my itec_2013 rant (that never was)

12 07 2013

This was to be my presentation at the ITEC_2013 conference this week held at Sydney Opera House , although in the way that things sometimes go, the preso didn’t quite work out as planned. Still, I enjoyed collecting my thoughts.

Peter at ITEC

(photo: Stephen Bancroft)

Notes: What is the museum about? or perhaps rather… Who is the museum about?

One challenge is how to wean ourselves off our addiction to sharing our expertise.

Visible Learning. Hattie. What actually make a positive impacts on achievement? (amongst other things) Teachers seen in role of learners, learners seen in role of teachers.

Make just one change: Teach students to ask their own questions. Education can be transformed if students, rather than teachers, assume responsibility for posing questions.

Is our school safe? Why can’t I have a dinosaur as a pet? What makes a good sneaker? Can robots write poetry? Are laws fair? Does free speech mean you can say anything? How does discrimination impact me? What are the ingredients for a successful business? Why do people migrate from one place to another? What impression did Impressionism leave? Is our drinking water safe? What makes a good proof? How do wars start? Are we alone in the universe?

Human ingenuity. Applied Art & Science.
Thomas Edison. There are no rules here, we’re trying to accomplish something.

STEaM. Gee.
Imagine what a society would be like that said it liked science, but disdained it in the name of greed, and thought humanities and ethics were a waste of taxpayer money. You do not have to imagine that society. You live in it.

Cheng. Papert & Turkle.
Here we address sources of exclusion determined not by rules that keep women out, but by ways of thinking that make them reluctant to join in.

Transforming the classroom.
Gee “school today is, for many young people, still a necessary but no longer sufficient, condition for success in society.”

Fear of the future, leads organisational culture to believe many things about the present….So much effort is made towards establishing what is in decline [that organisations lack] even the barest insight into the future – which by and large they avoid or simply dismiss.The best technology ever invented is a head-sized box of sand. Dean Groom’s blog.
Passionate Affinity Spaces. Gee.
Internet or “real life” sites where people organize their own active participation and production around a shared endeavor, interest, or passion and shared goals, norms and values.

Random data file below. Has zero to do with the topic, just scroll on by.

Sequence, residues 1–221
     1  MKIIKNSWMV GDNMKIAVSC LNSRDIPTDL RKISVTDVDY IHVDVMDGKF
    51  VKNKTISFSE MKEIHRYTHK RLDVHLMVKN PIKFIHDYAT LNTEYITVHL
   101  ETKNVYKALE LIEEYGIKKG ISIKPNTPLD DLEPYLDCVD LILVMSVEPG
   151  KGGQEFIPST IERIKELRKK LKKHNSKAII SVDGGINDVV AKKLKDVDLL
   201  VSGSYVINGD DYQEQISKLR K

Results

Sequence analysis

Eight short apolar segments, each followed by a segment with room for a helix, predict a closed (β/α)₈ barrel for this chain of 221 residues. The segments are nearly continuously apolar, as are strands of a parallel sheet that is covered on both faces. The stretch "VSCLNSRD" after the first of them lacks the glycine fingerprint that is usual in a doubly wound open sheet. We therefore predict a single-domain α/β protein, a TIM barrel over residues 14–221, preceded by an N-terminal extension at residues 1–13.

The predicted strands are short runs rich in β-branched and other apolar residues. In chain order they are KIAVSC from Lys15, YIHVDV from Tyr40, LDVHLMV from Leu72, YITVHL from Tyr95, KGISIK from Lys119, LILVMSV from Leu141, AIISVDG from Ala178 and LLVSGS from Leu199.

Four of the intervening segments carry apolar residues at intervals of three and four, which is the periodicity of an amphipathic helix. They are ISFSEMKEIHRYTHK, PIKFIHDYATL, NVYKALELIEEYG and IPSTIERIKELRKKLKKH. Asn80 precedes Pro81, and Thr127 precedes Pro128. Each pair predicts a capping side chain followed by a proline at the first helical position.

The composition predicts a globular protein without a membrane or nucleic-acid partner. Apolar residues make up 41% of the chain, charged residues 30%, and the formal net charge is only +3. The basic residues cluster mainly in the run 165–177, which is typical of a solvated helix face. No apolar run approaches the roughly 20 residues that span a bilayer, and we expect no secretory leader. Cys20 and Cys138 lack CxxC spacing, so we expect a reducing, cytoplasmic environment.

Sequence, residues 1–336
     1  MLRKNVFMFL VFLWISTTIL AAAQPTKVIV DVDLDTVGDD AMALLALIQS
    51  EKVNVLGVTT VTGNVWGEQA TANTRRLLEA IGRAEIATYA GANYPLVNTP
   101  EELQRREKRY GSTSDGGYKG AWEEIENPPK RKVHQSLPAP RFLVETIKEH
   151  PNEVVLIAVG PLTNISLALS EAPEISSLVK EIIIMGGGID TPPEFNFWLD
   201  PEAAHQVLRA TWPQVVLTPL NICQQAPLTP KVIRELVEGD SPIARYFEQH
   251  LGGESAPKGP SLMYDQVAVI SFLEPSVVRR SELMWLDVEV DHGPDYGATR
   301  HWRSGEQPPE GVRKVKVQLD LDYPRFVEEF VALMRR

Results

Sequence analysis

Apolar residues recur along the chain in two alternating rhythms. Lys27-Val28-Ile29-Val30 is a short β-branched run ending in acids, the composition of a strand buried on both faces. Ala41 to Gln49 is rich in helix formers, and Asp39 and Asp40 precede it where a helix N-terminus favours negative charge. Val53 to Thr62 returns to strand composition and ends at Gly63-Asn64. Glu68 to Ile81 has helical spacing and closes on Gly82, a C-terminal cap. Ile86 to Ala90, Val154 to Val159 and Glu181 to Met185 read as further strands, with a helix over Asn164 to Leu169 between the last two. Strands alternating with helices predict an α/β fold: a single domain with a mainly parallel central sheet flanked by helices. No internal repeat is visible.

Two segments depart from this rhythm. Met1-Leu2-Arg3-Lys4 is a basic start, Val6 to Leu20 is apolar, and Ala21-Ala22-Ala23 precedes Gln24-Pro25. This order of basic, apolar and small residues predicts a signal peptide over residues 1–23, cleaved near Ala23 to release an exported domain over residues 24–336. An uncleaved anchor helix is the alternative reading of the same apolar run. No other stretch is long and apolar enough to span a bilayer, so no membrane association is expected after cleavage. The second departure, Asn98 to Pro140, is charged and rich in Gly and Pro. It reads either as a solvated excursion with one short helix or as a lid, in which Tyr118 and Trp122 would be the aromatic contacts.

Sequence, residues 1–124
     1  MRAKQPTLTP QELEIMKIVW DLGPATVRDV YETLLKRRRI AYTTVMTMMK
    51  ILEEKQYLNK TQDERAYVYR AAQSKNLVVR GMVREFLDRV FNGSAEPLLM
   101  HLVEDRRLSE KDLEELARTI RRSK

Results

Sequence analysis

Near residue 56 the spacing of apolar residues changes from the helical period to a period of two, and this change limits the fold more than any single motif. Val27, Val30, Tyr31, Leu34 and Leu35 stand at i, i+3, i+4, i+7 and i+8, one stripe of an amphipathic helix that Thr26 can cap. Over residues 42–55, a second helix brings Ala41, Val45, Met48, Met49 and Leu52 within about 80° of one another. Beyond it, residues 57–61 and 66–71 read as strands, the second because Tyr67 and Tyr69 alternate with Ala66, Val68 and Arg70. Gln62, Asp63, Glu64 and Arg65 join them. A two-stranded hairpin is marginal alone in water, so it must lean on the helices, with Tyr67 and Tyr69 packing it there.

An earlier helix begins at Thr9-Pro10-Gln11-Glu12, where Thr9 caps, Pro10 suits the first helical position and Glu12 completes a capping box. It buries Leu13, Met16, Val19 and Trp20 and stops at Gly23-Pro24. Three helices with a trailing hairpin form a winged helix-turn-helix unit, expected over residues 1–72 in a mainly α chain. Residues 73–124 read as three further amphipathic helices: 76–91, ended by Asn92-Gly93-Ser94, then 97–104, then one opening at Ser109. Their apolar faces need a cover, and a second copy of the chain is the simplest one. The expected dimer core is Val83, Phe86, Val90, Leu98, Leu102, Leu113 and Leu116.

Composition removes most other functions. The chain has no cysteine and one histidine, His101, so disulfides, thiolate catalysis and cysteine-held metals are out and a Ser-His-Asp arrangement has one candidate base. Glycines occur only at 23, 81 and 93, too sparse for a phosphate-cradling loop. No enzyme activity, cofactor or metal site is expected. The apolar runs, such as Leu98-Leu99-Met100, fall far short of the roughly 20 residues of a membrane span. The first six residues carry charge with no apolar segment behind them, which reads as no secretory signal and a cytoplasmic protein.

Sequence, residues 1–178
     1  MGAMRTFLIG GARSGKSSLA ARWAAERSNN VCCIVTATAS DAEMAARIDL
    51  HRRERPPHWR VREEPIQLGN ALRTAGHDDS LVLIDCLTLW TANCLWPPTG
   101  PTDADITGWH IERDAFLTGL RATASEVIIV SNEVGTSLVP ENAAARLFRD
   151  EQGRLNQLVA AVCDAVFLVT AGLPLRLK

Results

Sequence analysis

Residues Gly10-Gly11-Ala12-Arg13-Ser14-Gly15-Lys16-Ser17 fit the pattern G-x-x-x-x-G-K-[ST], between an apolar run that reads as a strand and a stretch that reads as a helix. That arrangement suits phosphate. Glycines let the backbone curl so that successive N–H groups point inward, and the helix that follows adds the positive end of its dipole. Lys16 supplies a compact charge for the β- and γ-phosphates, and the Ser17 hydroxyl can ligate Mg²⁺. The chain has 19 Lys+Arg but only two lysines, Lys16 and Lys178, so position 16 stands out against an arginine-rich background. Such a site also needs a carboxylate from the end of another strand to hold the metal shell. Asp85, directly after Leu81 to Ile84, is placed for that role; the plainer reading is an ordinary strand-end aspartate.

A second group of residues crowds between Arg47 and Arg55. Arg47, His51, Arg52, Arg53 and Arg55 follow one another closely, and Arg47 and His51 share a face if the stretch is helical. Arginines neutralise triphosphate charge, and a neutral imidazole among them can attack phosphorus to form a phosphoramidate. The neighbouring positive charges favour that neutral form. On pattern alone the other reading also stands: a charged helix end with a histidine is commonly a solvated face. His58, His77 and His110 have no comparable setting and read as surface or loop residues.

In passionate affinity spaces age does not matter. Time does not matter. What matters is
interest, passion, practice, mastery, talk, shared experiences, feedback, mentoring, production
and not just consumption. Leadership is porous, on some days a person leads or mentors and on other days he or she follows or gets mentored. People construct tutorials and learning for each other and they discuss, negotiate and set high standards. They pick up 21st century skills—skills like the ability to design and innovate, to collaborate, and to deal with complexity, technical information, and new technologies—in the context of clear actions and clear goals fueled by interest or passion.

Pedagogy of Collegiality. Chávez and Soep. Co-learners, co-conspirators.
Public institutions not only providing the basic access to technology tools and skills training but also filling a gap in the broader ecology of social, cultural, and technical resources to enable participation in the more informal and social dimensions of networked public life.

3rd spaces. Elaine. Nina. (Sir) Nicholas.
Museums, like schools, will have to reassess their content driven offerings if they wish to add deliberate opportunities for “critical thinking and problem solving, collaboration, communication and creativity and innovation”. While museums may think that their current classes can be used to fulfill these alternative curriculum requirements, these types of classes require new roles for the teacher as experimental examples from the Getty and the Gardner have shown.

The primary attraction of a third place is the patrons, not the décor, the hosts, or the activities provided by management. The primary activity in third places is conversation among patrons.